Clear Plastic Masks: Being There

Clear Plastic Masks
Being There
(Serpents and Snakes)
3.5 out of 5 stars

Videos by American Songwriter

Moving a home base from Brooklyn to Nashville isn’t a common relocation, especially for a quartet steeped in the tough garage rock of Clear Plastic Masks. But while there is no country in the band’s bluesy, somewhat retro garage rock, there is a spunky sense of scruffy camaraderie in the quartet’s debut full length, shared by fellow Nashville transplants from the north the Black Keys and Jack White.

The music’s leathery, aggressive nature has clear connections to name-your-favorite Nuggets-act from the 60s and frontman Andrew Katz takes a few pages from the Jim Morrison book of slightly unhinged lead vocalists. But the rest of the group keeps up with him, urging him forward then coaxing him back off the ledge before he loses his balance. Occasional organ solidifies the Doors influence, yet these guys forge their own musical path. The Motown stylings of “Outcast” add a Detroit Cobras edge but it’s the raw crash and burn attack of “Pegasus in Glue” that best defines both the lyrical complexity and sweat soaked grime that saturates all eleven tracks.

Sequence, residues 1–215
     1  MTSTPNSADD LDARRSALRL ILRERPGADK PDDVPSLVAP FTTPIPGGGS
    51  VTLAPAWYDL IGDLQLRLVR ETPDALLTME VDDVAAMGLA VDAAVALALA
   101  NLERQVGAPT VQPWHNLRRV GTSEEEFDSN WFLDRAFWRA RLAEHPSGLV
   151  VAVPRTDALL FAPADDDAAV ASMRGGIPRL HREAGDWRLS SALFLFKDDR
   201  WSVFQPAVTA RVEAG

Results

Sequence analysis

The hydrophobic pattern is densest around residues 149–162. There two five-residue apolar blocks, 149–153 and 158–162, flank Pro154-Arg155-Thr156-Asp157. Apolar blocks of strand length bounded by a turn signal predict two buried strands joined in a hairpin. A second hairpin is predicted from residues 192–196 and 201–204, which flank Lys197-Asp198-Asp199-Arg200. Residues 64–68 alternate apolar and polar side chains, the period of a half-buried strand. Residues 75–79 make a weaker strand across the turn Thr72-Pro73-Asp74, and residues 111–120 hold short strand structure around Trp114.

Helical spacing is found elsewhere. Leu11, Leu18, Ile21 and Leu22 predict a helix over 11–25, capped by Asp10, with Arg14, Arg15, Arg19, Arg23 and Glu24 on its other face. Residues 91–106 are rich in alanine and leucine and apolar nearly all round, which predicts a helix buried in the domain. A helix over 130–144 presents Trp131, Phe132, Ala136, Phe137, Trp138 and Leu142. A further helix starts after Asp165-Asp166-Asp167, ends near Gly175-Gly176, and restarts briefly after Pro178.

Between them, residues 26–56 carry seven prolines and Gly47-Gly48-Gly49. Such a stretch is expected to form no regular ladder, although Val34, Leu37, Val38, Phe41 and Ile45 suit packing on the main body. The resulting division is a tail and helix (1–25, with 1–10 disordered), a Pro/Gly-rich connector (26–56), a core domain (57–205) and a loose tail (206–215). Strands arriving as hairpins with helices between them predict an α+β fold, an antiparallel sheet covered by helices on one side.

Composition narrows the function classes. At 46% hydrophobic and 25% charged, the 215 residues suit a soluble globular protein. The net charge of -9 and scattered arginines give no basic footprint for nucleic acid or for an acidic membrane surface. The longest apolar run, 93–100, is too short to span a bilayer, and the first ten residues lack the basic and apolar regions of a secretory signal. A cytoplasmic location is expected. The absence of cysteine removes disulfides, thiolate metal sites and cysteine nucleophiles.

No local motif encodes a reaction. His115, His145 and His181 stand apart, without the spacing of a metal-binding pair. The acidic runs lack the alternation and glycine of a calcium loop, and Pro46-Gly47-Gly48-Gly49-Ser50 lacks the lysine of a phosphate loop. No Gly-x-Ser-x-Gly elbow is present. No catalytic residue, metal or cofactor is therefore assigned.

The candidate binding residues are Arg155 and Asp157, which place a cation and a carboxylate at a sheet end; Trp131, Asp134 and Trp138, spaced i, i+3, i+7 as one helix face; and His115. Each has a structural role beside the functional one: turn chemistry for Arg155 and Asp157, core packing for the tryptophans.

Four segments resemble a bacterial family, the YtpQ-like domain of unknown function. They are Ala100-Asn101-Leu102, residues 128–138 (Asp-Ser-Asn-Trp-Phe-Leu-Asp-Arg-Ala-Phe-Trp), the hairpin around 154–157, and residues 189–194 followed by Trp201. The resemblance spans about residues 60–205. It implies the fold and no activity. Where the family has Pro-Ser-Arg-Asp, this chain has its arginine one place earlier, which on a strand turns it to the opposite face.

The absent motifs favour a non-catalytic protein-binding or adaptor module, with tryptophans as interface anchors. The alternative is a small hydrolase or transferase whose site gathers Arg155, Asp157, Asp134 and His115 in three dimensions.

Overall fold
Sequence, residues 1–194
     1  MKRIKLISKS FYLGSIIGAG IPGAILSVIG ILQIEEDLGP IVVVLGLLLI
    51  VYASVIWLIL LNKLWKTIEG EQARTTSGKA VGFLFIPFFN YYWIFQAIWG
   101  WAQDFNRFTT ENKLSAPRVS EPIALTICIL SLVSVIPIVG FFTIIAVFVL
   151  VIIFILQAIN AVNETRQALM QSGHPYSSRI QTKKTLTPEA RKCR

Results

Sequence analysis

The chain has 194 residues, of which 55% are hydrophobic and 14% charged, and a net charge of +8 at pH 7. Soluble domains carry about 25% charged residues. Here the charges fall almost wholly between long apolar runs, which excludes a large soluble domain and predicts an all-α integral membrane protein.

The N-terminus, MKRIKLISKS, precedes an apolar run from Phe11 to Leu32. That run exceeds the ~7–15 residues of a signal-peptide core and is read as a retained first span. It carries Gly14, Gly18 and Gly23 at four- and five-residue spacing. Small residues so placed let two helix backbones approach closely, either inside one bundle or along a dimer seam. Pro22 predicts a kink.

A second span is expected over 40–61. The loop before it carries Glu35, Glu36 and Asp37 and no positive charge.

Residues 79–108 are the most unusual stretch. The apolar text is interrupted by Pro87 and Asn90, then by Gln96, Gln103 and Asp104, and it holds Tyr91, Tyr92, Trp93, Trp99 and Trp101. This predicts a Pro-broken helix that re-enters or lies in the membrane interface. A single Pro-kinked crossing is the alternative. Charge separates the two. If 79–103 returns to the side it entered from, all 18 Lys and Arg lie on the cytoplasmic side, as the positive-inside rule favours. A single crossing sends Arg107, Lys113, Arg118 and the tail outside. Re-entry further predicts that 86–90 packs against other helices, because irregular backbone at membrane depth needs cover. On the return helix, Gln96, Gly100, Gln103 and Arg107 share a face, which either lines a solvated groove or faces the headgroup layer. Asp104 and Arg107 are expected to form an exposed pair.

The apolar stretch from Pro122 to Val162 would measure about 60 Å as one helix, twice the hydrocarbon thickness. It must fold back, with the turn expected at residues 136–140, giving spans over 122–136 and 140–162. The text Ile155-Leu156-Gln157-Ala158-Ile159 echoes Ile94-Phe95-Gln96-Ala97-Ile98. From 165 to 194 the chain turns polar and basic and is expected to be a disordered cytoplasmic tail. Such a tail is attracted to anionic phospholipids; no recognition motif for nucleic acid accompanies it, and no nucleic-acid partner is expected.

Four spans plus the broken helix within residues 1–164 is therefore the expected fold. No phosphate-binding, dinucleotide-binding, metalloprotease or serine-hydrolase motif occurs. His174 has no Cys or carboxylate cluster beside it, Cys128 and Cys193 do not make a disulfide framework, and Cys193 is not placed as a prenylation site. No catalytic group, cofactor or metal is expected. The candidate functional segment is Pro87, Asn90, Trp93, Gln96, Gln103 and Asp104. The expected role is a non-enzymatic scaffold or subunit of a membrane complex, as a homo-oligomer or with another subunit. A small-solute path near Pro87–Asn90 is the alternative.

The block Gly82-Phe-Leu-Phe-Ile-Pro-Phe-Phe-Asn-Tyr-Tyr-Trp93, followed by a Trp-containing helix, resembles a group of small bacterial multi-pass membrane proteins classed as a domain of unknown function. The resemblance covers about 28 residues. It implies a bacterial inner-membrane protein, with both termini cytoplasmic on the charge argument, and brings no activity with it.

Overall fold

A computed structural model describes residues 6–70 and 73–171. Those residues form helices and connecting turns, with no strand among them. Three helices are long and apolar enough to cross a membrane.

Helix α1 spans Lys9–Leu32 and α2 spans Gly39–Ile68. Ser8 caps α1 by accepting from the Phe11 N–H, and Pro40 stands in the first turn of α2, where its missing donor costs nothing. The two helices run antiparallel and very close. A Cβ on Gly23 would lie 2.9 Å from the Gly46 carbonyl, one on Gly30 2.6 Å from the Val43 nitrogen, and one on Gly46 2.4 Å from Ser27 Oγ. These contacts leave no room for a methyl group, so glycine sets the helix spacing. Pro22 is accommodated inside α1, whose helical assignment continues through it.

Better yet, ballads such as the stark “Hungary Cup” strips the approach down to just piano and voice and “Baby Come On” slows the tempo and shows that these guys understand the importance of dynamics, dialing back the aggression to bubbling under status when needed. Being There proves you can’t take the urban claustrophobia out of music that thrives on its sure sense of filthy back alley tension and release. Whatever the reason for their home base shift from north to south, it was the right move at the right time, yielding one of the finest and most powerful roots rocking debuts so far this year.

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